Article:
Papa and Punna
By Sujin Boriharnwanaket
 Papa is a reality that is not good.  Punna is a reality that is good.  The dhamma is a very intricate thing because it arises and falls away rapidly.  For example the citta and cetasika arise and fall away simultaneously, sometimes kusala, sometimes akusala and sometimes alternately, sometimes we cannot tell whether that instant was kusala or akusala.  Therefore, we must rely on rather conscientious study in order to be able to tell which instants are papa or akusala.  Is the instant of citta lobha, dosa or moha, or other kinds of akusala citta that we have heard of such as issa, or macchariya, which are all characteristics of dhamma that are akusala?  If it were kusala it would be the opposite: dhamma that is good, or the instant that good cetasika arise together through the path of the citta (or the physical or verbal expression which are paths of kusala and akusala since we do not have only citta but also rupa).  If there were only the citta that are kusala or akusala would others be concerned?  (No.)  However, because we also have rupa, when the akusala citta arise they have paths, through the body and speech, that are not good, which arise from the akusala, troubling others.  In reality, when akusala arises, it troubles us first: those with akusala are not comfortable at all.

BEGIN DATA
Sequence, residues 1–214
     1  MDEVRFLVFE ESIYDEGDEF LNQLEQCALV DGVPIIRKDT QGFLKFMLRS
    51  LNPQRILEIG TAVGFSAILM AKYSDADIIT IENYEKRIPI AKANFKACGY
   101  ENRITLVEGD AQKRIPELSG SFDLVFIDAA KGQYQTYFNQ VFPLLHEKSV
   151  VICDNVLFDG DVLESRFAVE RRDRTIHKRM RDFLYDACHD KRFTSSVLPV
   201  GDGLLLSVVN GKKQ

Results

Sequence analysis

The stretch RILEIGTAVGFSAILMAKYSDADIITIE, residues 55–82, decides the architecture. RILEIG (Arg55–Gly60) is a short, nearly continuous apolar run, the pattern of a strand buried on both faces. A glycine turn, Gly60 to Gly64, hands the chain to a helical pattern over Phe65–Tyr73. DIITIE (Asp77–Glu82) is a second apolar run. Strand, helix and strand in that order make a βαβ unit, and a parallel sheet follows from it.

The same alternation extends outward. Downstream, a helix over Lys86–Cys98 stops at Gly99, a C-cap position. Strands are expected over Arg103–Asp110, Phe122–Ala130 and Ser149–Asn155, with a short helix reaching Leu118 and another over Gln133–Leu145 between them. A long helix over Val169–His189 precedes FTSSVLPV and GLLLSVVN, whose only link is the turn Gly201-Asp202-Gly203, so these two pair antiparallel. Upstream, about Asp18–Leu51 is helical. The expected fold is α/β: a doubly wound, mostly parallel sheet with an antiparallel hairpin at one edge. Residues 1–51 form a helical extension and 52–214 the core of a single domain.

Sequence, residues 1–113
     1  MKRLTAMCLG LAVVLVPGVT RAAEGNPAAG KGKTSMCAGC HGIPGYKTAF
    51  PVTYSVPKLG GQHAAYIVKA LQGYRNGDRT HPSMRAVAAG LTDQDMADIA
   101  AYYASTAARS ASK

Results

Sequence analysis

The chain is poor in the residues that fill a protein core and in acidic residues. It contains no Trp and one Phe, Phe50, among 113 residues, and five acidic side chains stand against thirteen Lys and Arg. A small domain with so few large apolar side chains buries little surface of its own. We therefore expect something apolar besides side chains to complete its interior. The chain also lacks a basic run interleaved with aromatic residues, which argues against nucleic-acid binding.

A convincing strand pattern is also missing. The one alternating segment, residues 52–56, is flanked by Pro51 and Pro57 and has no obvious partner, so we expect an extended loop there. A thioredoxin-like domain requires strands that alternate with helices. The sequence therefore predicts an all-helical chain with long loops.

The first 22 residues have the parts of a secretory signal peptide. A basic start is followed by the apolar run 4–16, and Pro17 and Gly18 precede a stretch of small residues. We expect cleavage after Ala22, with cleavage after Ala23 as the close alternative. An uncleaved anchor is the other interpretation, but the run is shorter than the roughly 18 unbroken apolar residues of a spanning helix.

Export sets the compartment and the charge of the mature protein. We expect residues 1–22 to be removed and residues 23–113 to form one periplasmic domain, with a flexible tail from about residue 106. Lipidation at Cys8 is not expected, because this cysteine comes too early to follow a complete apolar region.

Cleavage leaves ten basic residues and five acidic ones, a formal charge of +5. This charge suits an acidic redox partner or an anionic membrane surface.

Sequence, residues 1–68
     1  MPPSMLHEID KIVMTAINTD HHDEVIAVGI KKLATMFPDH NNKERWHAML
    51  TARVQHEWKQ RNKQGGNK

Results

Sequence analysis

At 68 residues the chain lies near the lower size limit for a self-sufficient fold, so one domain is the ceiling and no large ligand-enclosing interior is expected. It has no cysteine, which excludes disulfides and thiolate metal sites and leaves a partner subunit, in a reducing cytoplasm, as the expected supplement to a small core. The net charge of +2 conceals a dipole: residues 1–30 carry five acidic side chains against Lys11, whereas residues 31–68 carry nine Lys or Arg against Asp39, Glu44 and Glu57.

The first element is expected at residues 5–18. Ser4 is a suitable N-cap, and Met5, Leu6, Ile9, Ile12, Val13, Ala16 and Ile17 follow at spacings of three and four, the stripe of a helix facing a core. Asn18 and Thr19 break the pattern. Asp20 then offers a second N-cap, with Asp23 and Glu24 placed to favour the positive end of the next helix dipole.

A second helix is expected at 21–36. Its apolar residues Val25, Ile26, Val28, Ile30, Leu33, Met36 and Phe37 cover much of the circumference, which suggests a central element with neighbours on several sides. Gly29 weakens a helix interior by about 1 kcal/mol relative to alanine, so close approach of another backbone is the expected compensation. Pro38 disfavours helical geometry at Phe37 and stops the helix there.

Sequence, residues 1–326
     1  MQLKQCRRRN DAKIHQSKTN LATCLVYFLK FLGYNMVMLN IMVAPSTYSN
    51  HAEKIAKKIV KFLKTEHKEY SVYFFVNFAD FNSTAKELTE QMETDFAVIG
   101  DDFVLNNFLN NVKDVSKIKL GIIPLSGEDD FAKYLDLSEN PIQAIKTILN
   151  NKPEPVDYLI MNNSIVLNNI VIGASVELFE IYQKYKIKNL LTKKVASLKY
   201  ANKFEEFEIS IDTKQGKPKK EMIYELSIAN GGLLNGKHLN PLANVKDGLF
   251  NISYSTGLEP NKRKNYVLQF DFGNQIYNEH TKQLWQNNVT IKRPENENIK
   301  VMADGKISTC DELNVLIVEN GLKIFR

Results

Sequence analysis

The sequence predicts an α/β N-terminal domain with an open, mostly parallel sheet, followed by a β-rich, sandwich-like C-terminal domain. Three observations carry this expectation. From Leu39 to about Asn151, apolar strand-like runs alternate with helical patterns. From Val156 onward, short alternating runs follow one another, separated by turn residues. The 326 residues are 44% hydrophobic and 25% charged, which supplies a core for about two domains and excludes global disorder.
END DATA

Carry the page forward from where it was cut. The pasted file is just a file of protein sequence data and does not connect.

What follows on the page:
When there is lobha, however, we think it is good.  It is attachment and desire for something.  When we get it, we are very glad, pleased and happy; we think that that instant is good.  Therefore, good to our mind and good in the dhamma is different.  Good, for us, is the happy feeling.  In reality, it is akusala because at that moment there is still attachment.  It is not enough to have a little attachment; that is not gratifying enough; there must be more, of the somanassa level.  No matter what we do, we desire somanassa vedana, not simply upekkha vedana.  One could really see that if one did not study the dhamma we would misunderstand it.  For example when we are happy doing samadhi, we think that that is already kusala, without realizing that at that instant there is already lobha, and also moha: there is ignorance and attachment.

Study of the dhamma will make us understand more clearly that that instant of kusala must be exempt from lobha, dosa and moha, and at which instants that occurs.  Our citta is difficult to know.  When there is physical or verbal expression we might know, but we must be straightforward otherwise we might be fooled or misunderstand.  When we see a poor person and wish to help them, is the instant of thinking that kusala or akusala?  Just to think is kusala, but not a deed accomplished, since there has not been action (if not everyone would have a wealth of kusala), it is pubba-cetana, the thought that arises before the action.  It is still uncertain whether the action would occur or not.  Therefore kusala is composed of the time preceding the action, called pubba-cetana; the period during the act when the citta is kusala; and after the deed when the citta is pure and bright from having helped others to be easier or happier.  We are happy for them for having escaped dukkha.  Therefore there are three periods of kusala: preceding, during and succeeding the action.  This is about the path of kusala, namely punna-kiriya comprising three in summary: dana, sila and bhavana; for the bhikkhu, sila, samadhi and panna.  Punna depends on the citta; it is a good dhamma.  Papa depends on the citta; it is a bad dhamma, for example lobha, dosa and moha.  Was there more kusala or akusala today?  The straightforward person will find essential facts in the Dhamma.

[From discussion in Cambodia at Angkor Hotel, Seamreap, December 8, 2000]
January 19, 2001